History is often just a victors version of events


Mountbatten during the creation of the independent state of India and Pakistan

I write in response to the column by Tristram Hunt today on “Did our Empire really ruin the world?”  This is about the Prime Minister admitting on his trip to Pakistan that Britain is responsible for so many of the world’s problems including Kashmir. 

Despite Tristram’s argument, in the context of the Indian sub-continent, we should not forget that when the East India Company first went to India (Bengal), it was because it was one of the richest places in the world. When the British Raj left, it was one of the poorest.  Something clearly happened in between to leave it in such a state.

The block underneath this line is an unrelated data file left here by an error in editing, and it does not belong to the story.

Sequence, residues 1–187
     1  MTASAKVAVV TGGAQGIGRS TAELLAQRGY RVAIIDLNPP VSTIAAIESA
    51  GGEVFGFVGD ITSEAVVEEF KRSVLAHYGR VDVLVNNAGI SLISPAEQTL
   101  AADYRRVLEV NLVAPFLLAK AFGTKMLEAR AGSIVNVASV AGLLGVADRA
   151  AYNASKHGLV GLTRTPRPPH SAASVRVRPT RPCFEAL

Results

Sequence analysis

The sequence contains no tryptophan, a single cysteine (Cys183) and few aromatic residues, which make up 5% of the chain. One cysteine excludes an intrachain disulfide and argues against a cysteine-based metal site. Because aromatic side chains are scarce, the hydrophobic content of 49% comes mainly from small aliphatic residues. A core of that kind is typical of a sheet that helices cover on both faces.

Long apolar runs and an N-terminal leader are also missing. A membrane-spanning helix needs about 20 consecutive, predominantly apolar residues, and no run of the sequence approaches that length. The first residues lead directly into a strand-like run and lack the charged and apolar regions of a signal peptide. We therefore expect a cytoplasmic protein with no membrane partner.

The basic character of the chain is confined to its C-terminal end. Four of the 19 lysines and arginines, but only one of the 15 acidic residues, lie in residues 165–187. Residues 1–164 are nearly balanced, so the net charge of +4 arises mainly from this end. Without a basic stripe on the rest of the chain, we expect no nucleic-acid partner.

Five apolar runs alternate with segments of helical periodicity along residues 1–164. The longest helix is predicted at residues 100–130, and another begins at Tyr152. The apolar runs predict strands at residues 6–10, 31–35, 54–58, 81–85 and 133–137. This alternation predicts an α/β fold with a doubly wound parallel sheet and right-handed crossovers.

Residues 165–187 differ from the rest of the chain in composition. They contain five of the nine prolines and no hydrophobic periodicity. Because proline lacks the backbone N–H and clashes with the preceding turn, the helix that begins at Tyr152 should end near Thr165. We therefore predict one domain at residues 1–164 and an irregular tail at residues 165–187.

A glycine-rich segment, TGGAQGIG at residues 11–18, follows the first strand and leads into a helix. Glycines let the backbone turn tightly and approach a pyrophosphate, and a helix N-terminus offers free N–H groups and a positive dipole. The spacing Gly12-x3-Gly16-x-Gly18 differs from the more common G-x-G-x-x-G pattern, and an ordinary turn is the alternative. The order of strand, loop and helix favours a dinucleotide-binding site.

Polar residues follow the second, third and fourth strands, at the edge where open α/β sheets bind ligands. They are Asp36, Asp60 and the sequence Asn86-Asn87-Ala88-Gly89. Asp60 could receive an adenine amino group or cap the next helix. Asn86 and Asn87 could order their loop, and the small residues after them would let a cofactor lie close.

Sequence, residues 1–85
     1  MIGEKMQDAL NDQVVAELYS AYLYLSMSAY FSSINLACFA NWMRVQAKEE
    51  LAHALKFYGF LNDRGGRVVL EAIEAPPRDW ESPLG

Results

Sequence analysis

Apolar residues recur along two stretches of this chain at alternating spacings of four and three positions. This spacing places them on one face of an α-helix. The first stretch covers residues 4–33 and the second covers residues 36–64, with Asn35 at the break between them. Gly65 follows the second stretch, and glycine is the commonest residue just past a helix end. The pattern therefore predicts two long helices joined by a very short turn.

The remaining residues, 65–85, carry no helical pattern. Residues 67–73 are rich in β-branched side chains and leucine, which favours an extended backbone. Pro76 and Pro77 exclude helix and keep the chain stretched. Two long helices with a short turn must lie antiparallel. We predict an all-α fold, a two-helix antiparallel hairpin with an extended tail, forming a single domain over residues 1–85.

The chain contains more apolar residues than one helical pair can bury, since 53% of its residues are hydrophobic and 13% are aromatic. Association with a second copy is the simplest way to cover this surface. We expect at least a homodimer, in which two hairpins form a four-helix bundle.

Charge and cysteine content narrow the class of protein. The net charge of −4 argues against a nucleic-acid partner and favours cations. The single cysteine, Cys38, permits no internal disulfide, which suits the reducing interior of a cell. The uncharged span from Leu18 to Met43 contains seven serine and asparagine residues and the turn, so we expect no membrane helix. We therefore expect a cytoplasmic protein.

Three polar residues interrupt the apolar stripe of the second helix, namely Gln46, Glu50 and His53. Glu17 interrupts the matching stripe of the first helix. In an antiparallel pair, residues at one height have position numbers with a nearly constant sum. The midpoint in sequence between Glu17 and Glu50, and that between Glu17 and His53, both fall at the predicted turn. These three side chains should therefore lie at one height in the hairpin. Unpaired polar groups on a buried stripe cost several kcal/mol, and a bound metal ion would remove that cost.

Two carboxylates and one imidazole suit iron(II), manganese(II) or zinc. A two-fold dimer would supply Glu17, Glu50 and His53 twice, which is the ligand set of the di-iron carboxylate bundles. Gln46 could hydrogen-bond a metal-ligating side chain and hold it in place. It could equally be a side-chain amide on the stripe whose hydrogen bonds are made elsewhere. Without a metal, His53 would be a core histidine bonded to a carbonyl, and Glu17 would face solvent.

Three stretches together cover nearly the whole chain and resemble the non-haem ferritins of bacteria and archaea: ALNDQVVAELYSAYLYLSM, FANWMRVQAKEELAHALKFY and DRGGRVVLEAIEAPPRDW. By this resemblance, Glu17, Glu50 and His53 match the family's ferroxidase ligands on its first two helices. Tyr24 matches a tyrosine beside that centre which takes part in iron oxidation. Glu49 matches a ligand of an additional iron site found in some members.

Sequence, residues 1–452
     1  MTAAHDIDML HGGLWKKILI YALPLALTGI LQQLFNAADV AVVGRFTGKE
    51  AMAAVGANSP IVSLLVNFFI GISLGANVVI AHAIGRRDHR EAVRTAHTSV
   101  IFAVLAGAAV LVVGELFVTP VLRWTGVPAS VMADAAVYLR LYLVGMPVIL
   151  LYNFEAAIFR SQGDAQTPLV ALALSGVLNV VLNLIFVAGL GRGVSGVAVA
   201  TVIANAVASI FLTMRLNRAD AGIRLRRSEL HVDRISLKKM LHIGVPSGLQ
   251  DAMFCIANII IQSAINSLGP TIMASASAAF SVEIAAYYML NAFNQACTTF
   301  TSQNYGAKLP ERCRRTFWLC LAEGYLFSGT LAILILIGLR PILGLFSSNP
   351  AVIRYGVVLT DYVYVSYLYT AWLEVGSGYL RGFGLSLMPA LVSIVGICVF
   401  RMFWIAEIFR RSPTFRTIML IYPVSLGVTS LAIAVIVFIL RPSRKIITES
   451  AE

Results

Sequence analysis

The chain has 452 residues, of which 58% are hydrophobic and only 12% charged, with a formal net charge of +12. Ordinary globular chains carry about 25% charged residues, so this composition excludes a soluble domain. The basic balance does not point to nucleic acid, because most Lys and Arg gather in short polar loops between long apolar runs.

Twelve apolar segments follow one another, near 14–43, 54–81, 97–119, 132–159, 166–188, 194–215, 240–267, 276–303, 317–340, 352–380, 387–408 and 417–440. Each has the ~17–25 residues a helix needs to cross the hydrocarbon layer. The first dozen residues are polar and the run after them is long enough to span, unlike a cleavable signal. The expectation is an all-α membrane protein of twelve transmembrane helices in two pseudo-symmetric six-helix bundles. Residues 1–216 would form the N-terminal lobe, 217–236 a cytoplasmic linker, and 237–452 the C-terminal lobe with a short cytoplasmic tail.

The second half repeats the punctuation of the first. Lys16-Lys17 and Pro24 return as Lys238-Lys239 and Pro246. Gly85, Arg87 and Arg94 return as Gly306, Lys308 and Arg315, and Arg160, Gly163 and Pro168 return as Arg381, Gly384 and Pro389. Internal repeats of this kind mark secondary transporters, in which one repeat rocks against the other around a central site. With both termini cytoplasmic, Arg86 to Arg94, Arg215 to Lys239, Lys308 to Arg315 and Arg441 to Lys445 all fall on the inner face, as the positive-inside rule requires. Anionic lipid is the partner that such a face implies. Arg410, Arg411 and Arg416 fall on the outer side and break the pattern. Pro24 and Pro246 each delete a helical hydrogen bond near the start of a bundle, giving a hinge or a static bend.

Furthermore on leaving the sub-continent, two countries were created, one of which, Pakistan, had two parts with 1,000 miles between them and a potential adversary in-between so no wonder the east abandoned the west part in the liberation of Bangladesh in 1971.  India was left to deal with the princely states, which were given the option of staying in or out of India, essentially triggering the dispute over Kashmir.   To top all of that, when independence was declared in August 1947, the boundaries of the two new states had yet to be disclosed to the public, causing much of the panic that ensued and causing more them 1/2 million deaths as 14million people swapped countries.   Many consider this epsode to have been one of the worst cases of maladministration ever in the history of Empires.

So, surprisingly I find myself defending the PM’s remarks on the root of many of the world’s problems hence we should refrain from interfering in conflicts like Kashmir.  Less surprising, is that my grandfather’s lessons in history to me once again ring true.  He was the person who taught me “history is often just the victor’s version of events “.

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